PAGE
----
As soon as you figure out what and how to write, you need to publish what you have written. You have many options. Start with a standalone blog.

A standalone blog

I restarted this website with a few pages and set up a newsletter, and I would like to share my recipe: How to set up a blog.

You can post your writing on social media sites. Those sites have huge audiences, most of the people you want to reach are already there, you just sign in and start writing, and it is “free”. But you give up all your rights at the moment of posting. You give up your content and your audience from the beginning. You have no control over page URLs, which makes it hard to transfer your content out of the platform. Your posts may be censored and your account can be banned. You cannot know which of your posts will appear in your followers’ feeds. You do not decide how your pages look. You cannot remove ads, or change colors or fonts. When a platform dies, all your hard work disappears. You do not own your blog.

A slightly better option is to use one of the blogging platforms: Medium, Svbtle, Tumblr, WordPress, etc. You have control over your page content. You can set up a custom domain and have some control over page URLs. But you are tied to a platform and its software — it’s painful to transfer your content out. You still don’t own your website.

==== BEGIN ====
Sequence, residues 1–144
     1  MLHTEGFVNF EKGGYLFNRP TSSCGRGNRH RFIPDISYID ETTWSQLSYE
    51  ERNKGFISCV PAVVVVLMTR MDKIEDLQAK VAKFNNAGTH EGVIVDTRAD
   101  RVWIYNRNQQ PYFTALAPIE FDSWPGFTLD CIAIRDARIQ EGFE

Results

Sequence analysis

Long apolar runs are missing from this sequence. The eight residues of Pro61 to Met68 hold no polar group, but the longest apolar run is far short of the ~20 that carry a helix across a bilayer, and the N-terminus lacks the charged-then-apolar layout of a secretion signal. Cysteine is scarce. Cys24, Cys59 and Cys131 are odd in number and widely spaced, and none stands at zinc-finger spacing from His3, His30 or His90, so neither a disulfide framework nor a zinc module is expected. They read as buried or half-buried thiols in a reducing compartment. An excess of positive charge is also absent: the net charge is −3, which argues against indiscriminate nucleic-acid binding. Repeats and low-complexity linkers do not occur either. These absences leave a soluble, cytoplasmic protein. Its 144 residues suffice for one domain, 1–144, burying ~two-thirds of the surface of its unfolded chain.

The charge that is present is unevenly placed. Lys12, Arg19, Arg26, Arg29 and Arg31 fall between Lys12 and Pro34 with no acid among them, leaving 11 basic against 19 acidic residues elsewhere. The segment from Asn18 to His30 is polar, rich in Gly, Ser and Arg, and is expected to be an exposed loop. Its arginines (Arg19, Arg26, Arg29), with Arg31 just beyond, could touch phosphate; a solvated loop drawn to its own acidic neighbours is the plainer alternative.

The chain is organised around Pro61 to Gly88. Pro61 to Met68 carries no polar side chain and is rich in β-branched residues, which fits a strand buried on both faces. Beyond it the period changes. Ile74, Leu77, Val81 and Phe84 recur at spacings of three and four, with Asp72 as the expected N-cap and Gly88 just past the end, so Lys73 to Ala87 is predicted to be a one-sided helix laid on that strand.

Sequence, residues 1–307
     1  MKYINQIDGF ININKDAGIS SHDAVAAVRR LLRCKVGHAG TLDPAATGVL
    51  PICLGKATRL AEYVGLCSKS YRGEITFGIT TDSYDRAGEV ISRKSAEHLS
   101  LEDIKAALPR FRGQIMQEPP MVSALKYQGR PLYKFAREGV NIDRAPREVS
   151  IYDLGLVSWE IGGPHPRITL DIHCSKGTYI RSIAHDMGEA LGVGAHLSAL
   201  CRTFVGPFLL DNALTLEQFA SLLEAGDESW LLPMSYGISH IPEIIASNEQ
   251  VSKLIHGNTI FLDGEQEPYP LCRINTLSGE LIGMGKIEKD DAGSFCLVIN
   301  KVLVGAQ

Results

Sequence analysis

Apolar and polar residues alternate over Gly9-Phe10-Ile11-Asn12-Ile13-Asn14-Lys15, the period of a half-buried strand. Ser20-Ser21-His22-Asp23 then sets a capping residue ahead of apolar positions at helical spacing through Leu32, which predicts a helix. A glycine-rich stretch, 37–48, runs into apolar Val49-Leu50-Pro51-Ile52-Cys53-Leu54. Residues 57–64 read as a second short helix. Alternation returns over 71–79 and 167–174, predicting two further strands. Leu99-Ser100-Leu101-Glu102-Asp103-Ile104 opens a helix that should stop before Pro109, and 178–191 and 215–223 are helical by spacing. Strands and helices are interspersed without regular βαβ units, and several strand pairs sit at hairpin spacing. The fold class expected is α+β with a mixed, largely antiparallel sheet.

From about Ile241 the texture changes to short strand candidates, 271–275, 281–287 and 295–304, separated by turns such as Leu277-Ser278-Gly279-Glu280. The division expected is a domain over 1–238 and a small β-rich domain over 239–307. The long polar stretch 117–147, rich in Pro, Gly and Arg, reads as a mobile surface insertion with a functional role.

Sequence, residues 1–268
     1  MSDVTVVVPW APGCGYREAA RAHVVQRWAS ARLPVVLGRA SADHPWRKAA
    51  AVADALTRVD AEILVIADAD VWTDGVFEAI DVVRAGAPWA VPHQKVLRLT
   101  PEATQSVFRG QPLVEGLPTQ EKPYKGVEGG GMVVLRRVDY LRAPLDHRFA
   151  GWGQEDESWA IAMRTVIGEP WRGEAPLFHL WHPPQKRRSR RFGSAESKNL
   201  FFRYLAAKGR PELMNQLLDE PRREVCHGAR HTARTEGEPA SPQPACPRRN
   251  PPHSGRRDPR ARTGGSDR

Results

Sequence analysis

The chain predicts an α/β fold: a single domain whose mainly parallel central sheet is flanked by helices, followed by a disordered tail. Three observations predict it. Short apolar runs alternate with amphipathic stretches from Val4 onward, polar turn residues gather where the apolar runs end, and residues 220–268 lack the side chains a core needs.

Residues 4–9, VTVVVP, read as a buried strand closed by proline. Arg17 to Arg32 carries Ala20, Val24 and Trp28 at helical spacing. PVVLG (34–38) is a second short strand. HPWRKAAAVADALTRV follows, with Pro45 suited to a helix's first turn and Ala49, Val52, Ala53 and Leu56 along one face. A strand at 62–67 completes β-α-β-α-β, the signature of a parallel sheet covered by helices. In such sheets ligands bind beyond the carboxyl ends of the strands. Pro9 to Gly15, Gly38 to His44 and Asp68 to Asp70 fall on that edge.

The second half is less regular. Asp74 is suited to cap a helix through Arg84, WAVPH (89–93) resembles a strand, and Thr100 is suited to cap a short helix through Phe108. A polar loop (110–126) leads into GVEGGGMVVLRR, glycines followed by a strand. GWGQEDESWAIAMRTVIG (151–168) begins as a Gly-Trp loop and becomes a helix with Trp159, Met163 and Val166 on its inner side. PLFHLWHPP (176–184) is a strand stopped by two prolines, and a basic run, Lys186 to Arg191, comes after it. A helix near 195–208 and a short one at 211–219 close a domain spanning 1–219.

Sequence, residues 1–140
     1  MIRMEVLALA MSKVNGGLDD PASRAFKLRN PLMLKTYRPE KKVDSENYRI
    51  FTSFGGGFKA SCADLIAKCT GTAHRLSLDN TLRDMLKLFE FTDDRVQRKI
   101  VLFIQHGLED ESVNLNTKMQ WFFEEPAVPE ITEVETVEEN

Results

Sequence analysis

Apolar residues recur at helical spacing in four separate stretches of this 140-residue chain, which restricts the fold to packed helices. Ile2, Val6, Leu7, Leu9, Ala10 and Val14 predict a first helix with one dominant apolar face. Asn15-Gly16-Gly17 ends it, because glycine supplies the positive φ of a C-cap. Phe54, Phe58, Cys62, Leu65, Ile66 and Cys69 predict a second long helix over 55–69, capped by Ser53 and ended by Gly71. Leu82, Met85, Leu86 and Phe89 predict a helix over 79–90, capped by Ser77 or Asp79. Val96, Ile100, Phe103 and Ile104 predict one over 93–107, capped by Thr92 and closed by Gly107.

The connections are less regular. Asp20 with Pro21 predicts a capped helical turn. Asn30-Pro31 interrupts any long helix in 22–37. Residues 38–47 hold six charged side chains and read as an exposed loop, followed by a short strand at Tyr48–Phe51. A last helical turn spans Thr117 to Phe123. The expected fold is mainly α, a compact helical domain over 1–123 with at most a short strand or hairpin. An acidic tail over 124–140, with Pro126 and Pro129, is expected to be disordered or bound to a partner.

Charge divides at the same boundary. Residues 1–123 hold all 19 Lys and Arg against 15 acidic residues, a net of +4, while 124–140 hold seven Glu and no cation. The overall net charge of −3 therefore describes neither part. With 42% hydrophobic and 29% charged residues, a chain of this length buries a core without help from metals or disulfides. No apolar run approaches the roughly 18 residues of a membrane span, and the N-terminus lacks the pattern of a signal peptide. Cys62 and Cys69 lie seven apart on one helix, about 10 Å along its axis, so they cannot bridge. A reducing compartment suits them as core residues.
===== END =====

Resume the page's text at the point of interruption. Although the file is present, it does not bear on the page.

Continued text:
What does it mean to own your website? You need to fully control three things:

  1. Your domain
  2. Your content (copyrights, URLs, styles, markup, etc)
  3. The communication channels to your readers (email, comments, etc)

So if you’re serious about blogging, should you make everything from scratch? Fortunately, you don’t have to create the universe to make your own website.

Recipe for a website

I suggest you start with GitHub Pages.

It gives you full control and convenience, and it is future-proof: when you want to move your site to your servers, just copy your files to a new place; no lock-ins.

With GitHub Pages you can set any URL for every page. You can use your custom domain.

GitHub Pages doesn’t use databases. Nothing to configure. Your content is a bunch of plain text files and HTML templates. It is much easier to backup text files than databases and you can edit your pages offline in any text editor.

You can start blogging in a minute. There’s nothing to install, and you don’t need to mess around with HTML or CSS. If you don’t have an account at GitHub, all you need is your email address and few more minutes.

  1. Start by forking my Jekyll Minimalist website boilerplate.
  2. Write your first post and publish it.
  3. Share the link with your friends. (This is where social media sites can be useful.)